Repozitorij Medicinskog fakulteta Sveučilišta u Zagrebu

Subplate zone of the human brain: historical perspective and new concepts

Kostović, Ivica and Jovanov-Milošević, Nataša (2008) Subplate zone of the human brain: historical perspective and new concepts. Collegium antropologicum, 32 (Suppl.). pp. 3-8. ISSN 0350-6134 (Print)

[img]
Preview
PDF
Download (235Kb) | Preview

    Croatian abstract

    Zona pod kortikalnom pločom (subplate zona, SP) je istaknuti, prolazni, pločasti odjeljak fetalnog ljudskog mozga. SP se razvija oko 13. tjedna i postepeno nestaje nakon 32–34. tjedna poslije ovulacije. Neuroni SP mogu se naći i 9 mjeseci postnatalno, a kasnije sve do odrasle dobi su prisutni kao intersticijski neuroni bijele tvari moždanih vijuga. SP se sastoji od: migrirajućih i post-migrirajućih neurona, rastućih čunjića aksona, rijetko položenih aksona, dendrita i različitih glija stanica te sinapsi. Istaknuto obilježje SP je prisutnost velike količine međustanične tvari (ekstracelularnog matriksa). Ovo obilježje omogućava vizualizaciju SP na slikovnim prikazima mozga magnetskom rezonancijom (MRI) in vivo i postmortalno. Važnost SP kao sinaptičke zone ljudskog fetalnog mozga, temelji se na obilju »čekajućih« vlakana iz talamusa i moždane kore, tijekom faze odabira cilja u arejama moždane kore. Tijekom evolucije SP se povećava, a njena veličina doseže najveće vrijednosti u ljudskom mozgu što se podudara s povećanjem broja i složenosti kortiko-kortikalnih veza. Najnoviji neurobiološki dokazi ističu SP kao važno mjesto spontane neuralne endogene aktivnosti, te je time neophodna za razvitak kolumnarne organizacije moždane kore. Subplate zona, koja se može lako prikazati primjenom konvencionalnog MRI ili DTI (diffusion-tensor-imaging) in vivo, danas je u žiži interesa pedijatrijske neurologije zahvaljujući njenim sljedećim obilježjima: (1) SP je temelj rane neuralne aktivnosti, (2) SP je u podlozi funkcionalne plastičnosti, (3) SP je selektivno ranjiva, što može voditi do oštećenja kognitivnih funkcija.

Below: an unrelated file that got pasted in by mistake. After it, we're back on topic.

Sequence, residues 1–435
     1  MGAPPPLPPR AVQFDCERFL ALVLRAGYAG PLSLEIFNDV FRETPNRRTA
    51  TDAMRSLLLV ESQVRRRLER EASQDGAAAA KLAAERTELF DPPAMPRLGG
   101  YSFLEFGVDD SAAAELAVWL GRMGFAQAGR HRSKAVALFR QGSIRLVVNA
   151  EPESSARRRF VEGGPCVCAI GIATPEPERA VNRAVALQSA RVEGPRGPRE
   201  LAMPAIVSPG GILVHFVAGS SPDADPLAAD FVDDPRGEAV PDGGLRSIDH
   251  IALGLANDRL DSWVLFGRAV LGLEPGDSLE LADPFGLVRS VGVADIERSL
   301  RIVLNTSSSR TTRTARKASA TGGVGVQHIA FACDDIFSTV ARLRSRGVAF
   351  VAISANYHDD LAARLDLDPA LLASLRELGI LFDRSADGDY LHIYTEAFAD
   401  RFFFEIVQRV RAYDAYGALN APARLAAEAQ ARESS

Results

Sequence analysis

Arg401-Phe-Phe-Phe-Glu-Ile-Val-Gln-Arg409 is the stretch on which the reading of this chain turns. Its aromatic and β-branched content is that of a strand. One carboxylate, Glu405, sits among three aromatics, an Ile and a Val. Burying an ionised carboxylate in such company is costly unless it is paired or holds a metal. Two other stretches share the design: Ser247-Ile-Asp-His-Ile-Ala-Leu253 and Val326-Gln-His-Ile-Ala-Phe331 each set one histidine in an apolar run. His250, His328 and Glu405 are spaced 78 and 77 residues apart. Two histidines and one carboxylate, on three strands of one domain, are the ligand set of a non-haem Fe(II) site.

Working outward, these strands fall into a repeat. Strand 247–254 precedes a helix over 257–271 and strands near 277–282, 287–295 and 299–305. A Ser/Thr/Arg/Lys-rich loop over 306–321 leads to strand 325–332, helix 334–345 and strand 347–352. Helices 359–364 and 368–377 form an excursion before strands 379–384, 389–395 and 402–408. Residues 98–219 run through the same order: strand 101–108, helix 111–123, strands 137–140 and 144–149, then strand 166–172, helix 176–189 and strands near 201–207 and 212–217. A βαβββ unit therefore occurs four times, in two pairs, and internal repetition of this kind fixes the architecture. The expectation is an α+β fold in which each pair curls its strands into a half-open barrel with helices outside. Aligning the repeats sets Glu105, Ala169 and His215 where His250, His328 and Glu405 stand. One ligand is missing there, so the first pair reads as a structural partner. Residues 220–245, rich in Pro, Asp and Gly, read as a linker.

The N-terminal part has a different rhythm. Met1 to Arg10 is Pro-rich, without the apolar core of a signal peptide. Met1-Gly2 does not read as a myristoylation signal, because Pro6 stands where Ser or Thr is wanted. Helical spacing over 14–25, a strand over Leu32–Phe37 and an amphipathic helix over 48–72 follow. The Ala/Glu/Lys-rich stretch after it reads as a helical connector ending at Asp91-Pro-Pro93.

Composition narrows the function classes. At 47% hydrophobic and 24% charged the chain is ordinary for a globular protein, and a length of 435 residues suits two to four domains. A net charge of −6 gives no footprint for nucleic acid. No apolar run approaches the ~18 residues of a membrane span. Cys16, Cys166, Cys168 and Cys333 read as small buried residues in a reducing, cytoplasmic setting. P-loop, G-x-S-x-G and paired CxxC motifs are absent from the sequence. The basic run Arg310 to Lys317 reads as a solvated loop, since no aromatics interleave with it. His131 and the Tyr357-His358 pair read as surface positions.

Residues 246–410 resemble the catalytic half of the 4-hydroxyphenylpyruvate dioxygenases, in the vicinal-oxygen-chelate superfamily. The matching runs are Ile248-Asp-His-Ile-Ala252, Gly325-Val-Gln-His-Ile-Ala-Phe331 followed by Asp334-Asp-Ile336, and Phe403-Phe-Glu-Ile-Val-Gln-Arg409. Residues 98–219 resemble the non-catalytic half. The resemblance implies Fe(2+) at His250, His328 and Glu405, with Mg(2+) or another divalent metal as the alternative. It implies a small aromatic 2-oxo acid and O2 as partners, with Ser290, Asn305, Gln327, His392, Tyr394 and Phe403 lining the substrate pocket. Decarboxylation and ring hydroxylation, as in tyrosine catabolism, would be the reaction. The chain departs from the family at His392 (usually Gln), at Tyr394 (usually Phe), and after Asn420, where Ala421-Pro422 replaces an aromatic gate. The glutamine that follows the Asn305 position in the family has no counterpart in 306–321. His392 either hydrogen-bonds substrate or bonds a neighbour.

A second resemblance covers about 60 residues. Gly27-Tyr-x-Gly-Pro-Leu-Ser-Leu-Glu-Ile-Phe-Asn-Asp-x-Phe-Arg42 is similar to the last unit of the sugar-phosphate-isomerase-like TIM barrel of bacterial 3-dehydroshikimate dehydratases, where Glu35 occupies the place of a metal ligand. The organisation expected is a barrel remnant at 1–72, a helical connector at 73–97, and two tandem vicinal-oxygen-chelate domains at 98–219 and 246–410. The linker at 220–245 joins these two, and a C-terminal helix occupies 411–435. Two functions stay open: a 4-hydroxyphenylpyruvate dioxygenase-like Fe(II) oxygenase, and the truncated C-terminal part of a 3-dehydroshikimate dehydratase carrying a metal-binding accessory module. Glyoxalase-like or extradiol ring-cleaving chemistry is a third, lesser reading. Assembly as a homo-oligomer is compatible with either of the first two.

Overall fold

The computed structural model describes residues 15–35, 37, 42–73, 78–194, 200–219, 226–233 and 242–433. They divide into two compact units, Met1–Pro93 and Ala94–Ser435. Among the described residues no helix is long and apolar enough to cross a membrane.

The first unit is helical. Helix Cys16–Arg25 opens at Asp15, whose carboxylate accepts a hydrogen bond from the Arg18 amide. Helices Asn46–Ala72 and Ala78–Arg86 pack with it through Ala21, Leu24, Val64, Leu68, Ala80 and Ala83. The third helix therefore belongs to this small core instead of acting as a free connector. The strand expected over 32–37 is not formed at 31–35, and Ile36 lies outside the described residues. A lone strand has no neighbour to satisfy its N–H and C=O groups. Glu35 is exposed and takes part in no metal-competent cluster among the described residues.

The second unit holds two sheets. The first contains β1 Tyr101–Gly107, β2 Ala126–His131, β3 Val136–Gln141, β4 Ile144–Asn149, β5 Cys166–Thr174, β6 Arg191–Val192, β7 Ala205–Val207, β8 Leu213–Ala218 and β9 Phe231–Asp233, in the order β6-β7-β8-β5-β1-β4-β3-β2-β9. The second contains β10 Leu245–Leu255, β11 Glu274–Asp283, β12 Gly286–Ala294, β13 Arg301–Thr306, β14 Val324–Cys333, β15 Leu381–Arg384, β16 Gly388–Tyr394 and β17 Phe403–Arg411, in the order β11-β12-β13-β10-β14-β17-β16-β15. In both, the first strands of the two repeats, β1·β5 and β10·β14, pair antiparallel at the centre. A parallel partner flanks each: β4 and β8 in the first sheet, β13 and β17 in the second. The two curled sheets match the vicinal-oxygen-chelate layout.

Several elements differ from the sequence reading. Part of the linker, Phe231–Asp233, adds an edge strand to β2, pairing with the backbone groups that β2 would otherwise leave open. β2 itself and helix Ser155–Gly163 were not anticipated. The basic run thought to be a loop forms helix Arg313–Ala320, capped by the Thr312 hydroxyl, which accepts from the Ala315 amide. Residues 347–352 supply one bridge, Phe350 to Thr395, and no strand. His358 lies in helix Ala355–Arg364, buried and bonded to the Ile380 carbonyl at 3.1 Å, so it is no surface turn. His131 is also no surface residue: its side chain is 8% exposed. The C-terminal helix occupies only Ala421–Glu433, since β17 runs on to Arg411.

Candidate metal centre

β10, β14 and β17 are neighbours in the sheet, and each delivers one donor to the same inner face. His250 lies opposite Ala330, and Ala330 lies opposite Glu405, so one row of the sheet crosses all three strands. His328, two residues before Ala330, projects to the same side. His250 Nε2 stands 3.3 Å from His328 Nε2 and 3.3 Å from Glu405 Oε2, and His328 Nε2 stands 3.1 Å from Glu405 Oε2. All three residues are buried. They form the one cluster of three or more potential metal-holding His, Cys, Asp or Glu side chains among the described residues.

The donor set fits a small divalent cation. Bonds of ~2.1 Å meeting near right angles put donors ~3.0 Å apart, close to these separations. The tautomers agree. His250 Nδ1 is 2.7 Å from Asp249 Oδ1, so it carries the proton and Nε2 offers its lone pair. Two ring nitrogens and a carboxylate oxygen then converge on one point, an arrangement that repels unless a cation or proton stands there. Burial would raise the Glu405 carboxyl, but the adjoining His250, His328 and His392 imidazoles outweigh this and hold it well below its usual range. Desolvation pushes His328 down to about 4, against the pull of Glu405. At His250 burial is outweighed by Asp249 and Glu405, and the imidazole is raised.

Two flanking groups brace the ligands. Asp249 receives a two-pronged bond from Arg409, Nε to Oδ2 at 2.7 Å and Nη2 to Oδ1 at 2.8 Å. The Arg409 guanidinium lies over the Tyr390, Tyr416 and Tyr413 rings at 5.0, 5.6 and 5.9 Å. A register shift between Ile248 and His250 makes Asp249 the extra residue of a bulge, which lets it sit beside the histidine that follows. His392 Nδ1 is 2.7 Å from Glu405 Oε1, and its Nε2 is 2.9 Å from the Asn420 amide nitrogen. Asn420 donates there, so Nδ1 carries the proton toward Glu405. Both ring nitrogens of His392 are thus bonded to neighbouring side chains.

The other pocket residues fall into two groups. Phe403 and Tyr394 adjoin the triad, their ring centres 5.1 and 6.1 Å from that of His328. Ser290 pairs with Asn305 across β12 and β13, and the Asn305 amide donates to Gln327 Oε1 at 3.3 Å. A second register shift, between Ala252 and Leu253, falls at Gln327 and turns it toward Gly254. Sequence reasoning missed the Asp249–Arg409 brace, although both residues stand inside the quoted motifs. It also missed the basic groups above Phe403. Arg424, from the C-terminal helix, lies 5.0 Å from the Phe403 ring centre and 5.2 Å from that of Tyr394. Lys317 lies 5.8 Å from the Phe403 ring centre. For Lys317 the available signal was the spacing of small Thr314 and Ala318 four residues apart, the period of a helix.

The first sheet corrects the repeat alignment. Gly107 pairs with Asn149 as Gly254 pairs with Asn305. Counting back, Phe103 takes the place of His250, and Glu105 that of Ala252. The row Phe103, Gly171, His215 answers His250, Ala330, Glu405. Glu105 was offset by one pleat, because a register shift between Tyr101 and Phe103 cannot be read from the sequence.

English abstract

    Subplate zone (SP) is prominent, transient laminar compartment of the human fetal cerebral wall. The SP develops around 13 and gradually disappears after 32-34 postovulatory weeks. The SP neurons can be found as late as nine postnatal months, while remnants of the SP neurons can be traced until adult age in the form of interstitial neurons of the gyral white matter. SP is composed of postmigratory and migratory neurons, growth cones, loosely arranged axons, dendrites, glial cell and synapses. The remarkable feature of the SP is the presence of large amount of extracellular matrix. This feature can be used for delineation of SP in magnetic resonance images (MRI) of both, in vivo and post mortem brains. The importance of SP as the main synaptic zone of the human fetal cortex is based on the rich input of ,waiting,< afferents from thalamus and cortex, during the crucial phase of cortical target area selection. SP increases during mammalian evolution and culminates in human brain concomitantly with increase in number and diversity of cortico-cortical fibers. The recent neurobiological evidence shows that SP is important site of spontaneous endogeneous activity, building a framework for development of cortical columnar organization. The SP which can be readily visualized on conventional and DTI (diffusion-tensor-imaging) MRI in vivo, today is in the focus of interest of pediatric neurology due to the following facts: (1) SP is the site of early neural activity, (2) SP is the major substrate for functional plasticity, and (3) selective vulnerability of SP may lead to cognitive impairment.

    Item Type: Article
    MeSH: Brain - anatomy & histology - growth & development - physiology ; Evolution ; Humans ; Magnetic Resonance Imaging
    Divisions: Katedra za anatomiju i kliničku anatomiju
    Hrvatski institut za istraživanje mozga
    Depositing User: Boris Čičovački
    Status: Published
    Creators:
    CreatorsEmail
    Kostović, Ivica
    Jovanov-Milošević, Nataša
    Date: January 2008
    Date Deposited: 03 Oct 2008
    Last Modified: 23 Sep 2011 18:10
    Subjects: /
    Related URLs:
      URI: http://medlib.mef.hr/id/eprint/407

      Actions (login required)

      View Item

      Document Downloads

      More statistics for this item...